Where can you eat truffle popcorn surrounded by Victorian wax death masks and party in a cannonball factory-turned-contemporary exhibition space? In Brooklyn, of course.
Gowanus Bat Cave
Known to locals as the Bat Cave, the derelict Brooklyn Rapid Transit Power Station (completed in 1903) stands on the shores of the Gowanus Canal, redeemed by passing graffiti artists whose tags and murals have repurposed the location into a shabby-chic Brooklyn landmark. More recently, Pritzker Prize-winning architecture firm Herzog & de Meuron have designed a new on-site facility for fabrication in wood, metal, ceramics, textiles, and printmaking. Construction on the soon-to-be Powerhouse Workshop will begin next year, and is due for completion in 2020.
Housed within a former Lutheran church for Norwegian sailors, the Robotic Churchis an on-site installation of computer-controlled sculptures. Forged by Chico MacMurtie of Amorphic Robot Works between 1987 and 2006, the robotic fleet communicates sporadically via rhythm and movement to create not only a tech-centric sculptural installation, but an all-out performance piece. Click here for a list of upcoming performance dates.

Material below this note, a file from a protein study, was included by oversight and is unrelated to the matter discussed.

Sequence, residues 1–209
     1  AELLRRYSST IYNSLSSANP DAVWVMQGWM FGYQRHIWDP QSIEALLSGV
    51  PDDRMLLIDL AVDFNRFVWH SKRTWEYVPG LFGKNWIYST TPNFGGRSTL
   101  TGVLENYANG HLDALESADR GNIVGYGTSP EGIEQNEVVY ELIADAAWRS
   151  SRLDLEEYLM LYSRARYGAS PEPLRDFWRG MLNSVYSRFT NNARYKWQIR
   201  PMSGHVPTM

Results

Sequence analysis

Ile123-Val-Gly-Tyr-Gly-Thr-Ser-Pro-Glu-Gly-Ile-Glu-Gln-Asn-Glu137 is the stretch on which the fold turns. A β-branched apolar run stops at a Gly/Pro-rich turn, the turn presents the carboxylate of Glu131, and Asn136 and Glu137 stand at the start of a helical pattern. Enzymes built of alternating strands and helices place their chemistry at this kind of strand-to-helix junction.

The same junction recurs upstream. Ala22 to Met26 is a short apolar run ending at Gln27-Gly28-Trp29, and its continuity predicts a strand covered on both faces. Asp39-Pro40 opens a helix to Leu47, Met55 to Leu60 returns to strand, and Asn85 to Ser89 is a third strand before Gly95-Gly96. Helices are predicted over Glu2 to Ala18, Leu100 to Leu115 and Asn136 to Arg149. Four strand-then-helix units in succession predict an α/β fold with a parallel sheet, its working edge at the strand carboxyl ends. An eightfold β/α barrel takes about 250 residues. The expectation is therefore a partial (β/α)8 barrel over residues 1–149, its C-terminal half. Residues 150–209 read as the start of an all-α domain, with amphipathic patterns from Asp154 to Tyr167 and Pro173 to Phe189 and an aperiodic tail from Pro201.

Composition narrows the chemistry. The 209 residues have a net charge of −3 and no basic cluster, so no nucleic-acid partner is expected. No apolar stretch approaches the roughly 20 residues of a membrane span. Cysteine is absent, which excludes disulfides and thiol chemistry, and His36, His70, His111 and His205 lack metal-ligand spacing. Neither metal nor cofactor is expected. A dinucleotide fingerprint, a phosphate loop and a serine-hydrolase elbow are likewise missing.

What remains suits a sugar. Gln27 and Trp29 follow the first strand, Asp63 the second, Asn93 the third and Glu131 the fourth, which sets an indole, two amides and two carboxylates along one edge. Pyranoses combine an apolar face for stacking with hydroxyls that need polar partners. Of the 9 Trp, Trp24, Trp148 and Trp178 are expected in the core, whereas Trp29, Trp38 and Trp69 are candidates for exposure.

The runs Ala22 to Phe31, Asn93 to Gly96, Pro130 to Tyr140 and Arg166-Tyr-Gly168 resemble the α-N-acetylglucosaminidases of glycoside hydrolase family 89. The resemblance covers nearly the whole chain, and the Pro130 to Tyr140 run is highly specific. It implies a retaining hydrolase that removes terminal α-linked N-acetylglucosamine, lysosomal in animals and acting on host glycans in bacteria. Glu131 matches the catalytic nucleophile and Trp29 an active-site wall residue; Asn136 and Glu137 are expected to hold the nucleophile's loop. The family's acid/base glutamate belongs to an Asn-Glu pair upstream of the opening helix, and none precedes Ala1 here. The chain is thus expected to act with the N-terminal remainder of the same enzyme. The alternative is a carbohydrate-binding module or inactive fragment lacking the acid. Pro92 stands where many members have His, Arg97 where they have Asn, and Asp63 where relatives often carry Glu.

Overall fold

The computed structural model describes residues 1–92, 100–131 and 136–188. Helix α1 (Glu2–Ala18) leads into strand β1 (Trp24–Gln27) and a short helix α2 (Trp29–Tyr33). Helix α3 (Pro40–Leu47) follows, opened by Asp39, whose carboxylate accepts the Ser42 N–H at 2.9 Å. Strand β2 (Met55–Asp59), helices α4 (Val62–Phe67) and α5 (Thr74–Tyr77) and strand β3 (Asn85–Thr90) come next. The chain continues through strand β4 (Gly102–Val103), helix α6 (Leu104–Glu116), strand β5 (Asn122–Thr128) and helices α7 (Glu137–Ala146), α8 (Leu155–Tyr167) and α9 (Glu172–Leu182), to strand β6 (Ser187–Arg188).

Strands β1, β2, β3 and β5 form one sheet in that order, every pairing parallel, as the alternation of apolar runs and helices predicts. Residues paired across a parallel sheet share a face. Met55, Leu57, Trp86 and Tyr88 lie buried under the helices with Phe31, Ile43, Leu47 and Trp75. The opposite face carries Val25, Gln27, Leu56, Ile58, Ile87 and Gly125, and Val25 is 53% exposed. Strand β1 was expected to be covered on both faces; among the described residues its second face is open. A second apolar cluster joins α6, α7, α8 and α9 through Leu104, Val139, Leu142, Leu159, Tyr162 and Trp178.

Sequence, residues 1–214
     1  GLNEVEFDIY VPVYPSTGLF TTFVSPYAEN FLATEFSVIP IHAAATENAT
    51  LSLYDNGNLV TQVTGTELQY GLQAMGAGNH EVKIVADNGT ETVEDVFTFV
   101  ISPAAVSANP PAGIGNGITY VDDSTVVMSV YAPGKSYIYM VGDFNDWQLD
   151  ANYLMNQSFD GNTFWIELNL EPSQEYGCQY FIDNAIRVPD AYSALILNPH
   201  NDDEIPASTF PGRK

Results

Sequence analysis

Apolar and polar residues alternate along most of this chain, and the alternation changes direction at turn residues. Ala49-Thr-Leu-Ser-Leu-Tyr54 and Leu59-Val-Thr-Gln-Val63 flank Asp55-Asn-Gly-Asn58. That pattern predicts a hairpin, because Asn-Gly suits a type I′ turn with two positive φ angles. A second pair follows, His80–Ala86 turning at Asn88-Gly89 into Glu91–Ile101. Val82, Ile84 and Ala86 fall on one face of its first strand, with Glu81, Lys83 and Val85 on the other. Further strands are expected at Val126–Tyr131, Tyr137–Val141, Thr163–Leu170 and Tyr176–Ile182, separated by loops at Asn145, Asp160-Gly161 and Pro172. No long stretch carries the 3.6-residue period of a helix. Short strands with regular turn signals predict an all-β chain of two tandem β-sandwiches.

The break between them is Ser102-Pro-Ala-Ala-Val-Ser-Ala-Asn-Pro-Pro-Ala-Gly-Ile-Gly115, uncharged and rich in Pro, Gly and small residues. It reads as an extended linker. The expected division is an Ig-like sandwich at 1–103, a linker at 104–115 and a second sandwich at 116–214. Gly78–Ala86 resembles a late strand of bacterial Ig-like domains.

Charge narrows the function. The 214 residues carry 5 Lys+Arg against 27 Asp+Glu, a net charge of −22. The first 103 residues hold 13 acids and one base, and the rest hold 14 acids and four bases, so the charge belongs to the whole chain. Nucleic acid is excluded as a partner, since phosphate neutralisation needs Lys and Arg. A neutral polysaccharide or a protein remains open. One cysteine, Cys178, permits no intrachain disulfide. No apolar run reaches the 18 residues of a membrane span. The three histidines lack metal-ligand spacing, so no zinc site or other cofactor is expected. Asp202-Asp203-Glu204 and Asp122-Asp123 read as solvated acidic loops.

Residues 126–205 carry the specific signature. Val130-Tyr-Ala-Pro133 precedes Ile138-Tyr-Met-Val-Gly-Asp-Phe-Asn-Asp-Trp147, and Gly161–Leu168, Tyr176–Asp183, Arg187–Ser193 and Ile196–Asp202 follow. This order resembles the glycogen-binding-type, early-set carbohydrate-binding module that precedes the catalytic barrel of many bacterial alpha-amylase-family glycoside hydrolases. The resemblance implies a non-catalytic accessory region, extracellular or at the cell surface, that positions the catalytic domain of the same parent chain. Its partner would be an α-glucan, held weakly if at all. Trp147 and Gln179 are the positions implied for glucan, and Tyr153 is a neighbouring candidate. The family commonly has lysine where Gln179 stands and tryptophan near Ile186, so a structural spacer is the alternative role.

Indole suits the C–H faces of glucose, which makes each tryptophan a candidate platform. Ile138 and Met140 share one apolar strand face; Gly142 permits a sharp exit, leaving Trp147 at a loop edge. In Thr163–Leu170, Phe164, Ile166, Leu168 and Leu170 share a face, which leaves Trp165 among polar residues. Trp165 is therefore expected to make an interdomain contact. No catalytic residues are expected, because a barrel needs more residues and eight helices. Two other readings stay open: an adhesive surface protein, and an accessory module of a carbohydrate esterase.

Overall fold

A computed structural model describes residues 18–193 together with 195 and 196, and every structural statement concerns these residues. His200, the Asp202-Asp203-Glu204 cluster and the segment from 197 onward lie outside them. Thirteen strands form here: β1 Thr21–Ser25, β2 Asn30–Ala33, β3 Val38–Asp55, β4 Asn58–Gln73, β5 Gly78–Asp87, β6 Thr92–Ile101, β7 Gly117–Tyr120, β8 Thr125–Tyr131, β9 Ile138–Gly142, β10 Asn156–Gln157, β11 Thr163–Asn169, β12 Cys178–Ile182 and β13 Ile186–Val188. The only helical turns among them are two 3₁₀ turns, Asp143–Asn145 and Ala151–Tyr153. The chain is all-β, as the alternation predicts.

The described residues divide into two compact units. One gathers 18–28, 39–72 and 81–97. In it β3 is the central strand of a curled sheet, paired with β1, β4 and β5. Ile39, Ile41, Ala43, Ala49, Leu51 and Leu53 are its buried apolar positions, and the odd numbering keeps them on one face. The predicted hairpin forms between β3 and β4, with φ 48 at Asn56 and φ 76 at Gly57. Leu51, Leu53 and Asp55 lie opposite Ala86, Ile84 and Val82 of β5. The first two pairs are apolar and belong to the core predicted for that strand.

House of Wax, New York | Photo by Victoria Stevens. Courtesy of House of Wax.
Tucked away within the Alamo Drafthouse cinema space, House of Wax is one of Brooklyn’s most “curious” bar/museum hybrids. Expertly “combining mixology with the macabre,” the venue is inspired by a 19th century wax museum with an extensive display of life-sized wax works. The objects on view—including wax death masks and anatomical renderings—are the authentic remains of a German wax art exhibition called Castan’s Panopticum, which ran from 1869 until 1922. A full bar with speciality cocktails like the “Butcher of Hanover” (Fernet Branca, Carpano Antica Formula, lemon, IPA, Angostura) and the “Napolean Death Mask” (Cognac, Cardamaro, Cynar, rhubarb bitters, bacon, and salt) accompanies a menu of light bites.